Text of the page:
When you do review the comps, see if you can notice any particular benefit listed for the sold homes that may have attracted buyers and ultimately caused the sale to close at a higher price. The typical advantages include: good schools, neighborhood parks, walking distance to retail stores, close access to freeways, quiet neighborhood, bright rooms, open floor plans, and new appliances. Now, take a look at your home from that buyer’s perspective and search for a few more unique features worth noting.
List your improvements and upgrades. If you’ve put in a tankless water heater for instance, be sure to mention it. While only so much can appear on the Multiple Listing Service, if you have plenty of additions to your home make a bullet-style list, print it out, make copies, and leave it for open house guests. This additional sheet will help buyers remember specific details about your property and it will help your home stand out from the dozens of others that they might be viewing.

Listing home for sale based on what you paid. Do you sell a car based on what you paid for it originally? Not typically. Yes, I understand cars depreciate but when it comes to real estate, many people, until recent years, had been trained to think that homes only appreciate. Well, houses most certainly can build equity, but there’s been a sharp lesson about how they can lose value too. Getting what you paid or more for or a home depends on many factors, including when you purchased it, current market conditions, economic factors, length of ownership, improvements, and how much time you have to sell.

Listing your home based on how much is still owed can cause a seller to list the home for too high of a price. This can quickly result in a painful cycle of price reductions signaling to buyers that there’s plenty of room to negotiate on price. In the last month, 23 percent of homes listed on Zillow had price reductions.
Not making curb appeal into web appeal is another mistake. Curb appeal is the art of making your home appeal to buyers from the moment they first see your home. Some sellers think of this in terms of making their home appealing when buyers come to an open house or drive by it. But these days, curb appeal must transfer to web appeal, too.

That means that any and all pictures of your home should create web appeal — an instant attraction — drawing the buyer into your home for an in-person look. If your photos or videos are not properly composed with pleasant lighting and free of clutter and distractions, they won’t appeal to buyers browsing the web. With so many of the searches for homes originating online, it’s worth it to invest in the best photos you can of your home. After all, a picture is worth a thousand words … and a video of your home can be worth even more if it convinces the buyer to get in the car and make the drive to see the “real” thing!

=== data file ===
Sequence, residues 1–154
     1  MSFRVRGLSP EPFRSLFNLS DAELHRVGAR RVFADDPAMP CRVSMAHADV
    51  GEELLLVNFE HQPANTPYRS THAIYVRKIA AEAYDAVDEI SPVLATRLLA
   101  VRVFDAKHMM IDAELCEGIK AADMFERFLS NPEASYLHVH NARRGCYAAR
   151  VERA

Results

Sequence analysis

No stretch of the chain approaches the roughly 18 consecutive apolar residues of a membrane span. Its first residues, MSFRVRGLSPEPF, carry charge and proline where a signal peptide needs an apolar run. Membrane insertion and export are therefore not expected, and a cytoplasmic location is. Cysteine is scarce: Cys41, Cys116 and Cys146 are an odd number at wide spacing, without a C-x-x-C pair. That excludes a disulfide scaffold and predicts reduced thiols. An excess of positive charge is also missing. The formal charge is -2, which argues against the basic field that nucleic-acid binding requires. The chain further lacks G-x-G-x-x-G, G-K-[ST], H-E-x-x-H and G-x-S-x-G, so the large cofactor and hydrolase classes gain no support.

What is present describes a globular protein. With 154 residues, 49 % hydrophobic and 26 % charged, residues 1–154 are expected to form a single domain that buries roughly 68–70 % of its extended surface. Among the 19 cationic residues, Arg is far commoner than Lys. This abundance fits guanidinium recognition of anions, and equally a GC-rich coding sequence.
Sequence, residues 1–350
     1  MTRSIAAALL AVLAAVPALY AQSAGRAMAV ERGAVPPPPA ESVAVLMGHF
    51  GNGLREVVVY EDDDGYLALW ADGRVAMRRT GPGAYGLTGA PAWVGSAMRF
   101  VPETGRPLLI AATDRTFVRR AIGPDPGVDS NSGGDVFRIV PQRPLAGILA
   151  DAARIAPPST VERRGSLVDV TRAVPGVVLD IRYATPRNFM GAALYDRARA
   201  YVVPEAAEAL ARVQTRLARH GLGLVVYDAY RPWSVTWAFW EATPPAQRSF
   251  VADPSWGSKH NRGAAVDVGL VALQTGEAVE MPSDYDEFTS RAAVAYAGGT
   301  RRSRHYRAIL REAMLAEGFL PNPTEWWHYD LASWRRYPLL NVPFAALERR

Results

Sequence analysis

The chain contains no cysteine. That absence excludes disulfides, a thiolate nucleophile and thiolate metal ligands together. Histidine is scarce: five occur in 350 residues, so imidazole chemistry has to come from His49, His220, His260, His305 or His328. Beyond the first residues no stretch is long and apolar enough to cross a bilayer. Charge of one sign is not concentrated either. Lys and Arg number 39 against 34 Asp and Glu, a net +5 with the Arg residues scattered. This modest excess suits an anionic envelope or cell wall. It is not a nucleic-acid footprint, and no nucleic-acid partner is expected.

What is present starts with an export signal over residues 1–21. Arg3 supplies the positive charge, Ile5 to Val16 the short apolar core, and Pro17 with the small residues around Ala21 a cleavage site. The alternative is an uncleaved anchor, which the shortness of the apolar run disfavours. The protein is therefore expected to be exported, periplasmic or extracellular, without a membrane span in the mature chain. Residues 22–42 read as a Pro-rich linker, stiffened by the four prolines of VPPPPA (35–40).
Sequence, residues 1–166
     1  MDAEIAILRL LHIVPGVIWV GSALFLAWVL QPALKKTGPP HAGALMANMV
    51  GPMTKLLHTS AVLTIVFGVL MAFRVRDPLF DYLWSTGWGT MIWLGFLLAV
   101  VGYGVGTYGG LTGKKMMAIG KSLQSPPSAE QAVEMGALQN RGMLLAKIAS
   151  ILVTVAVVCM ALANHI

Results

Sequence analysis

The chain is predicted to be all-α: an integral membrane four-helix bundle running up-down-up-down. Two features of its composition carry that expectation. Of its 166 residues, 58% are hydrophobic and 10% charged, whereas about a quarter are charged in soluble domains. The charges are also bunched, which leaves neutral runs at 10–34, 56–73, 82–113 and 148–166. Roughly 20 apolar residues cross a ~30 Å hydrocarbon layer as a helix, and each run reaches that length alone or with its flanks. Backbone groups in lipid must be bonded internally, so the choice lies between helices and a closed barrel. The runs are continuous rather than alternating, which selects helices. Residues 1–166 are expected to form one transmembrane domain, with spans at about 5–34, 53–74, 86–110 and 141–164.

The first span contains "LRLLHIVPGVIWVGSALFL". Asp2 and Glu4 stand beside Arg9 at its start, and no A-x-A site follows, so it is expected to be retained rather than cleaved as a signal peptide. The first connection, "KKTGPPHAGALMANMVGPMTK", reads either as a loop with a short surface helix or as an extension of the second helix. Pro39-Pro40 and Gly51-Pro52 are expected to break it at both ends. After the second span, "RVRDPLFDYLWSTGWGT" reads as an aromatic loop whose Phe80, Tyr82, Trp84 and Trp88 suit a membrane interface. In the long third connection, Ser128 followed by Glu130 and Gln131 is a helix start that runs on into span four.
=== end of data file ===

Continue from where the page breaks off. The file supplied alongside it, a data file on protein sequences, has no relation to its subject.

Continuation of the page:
Written by Phoebe Chongchua

Spare Yourself the Headaches of a Home Sale

Listing your home on the market for sale can be a list of hassles and annoyances – from the day you list to the day you close.  But if you take a little bit of time and invest in getting yourself prepared, you’ll have fewer headaches.  Do this right, and you’ll have buyers falling in love with your home.

You know that without curb appeal, you won’t get people indoors to see your lovely home.  It is vital you get the outside to reflect the pride you have in your home.  Both landscaping and the outside condition are imperative in creating the warm homey feeling people want.  Your home should say to buyers, “Living here feels right.”

Next ensure that the inside says the same thing.  Getting rid of the clutter and getting the house sparkling is a big start but there are many other things to make the house feel great to the largest number of possible buyers.  Seek your agent’s advice or a hire a professional stager.  The time and money invested will more than pay off.  You’ll be so pleased with the results, you may even consider staying!

If your home is in great condition, you are doing yourself a big favor in avoiding costly arguments and hearing grievances from your prospective buyers.  The house or condo  shouldn’t only look good, it should be working properly.  Think of it this way, if the buyer’s inspection turn up many unexpected items, you’ll have to repair them or pay for them when you haven’t planned on doing so.  Instead, bring in your own inspector or do the repairs you know you should be doing anyway.

Don’t forget getting all the pesky paperwork in order.  Warranties, contracts, loans, and any major repairs that may require proof later on can all be useful, if not necessary.

Spend a little time before the home is listed, and you’ll enjoy your easy-breezy sale with all the glowing reviews from buyers that your home deserves.

What do you dread about selling your home?  Comment below.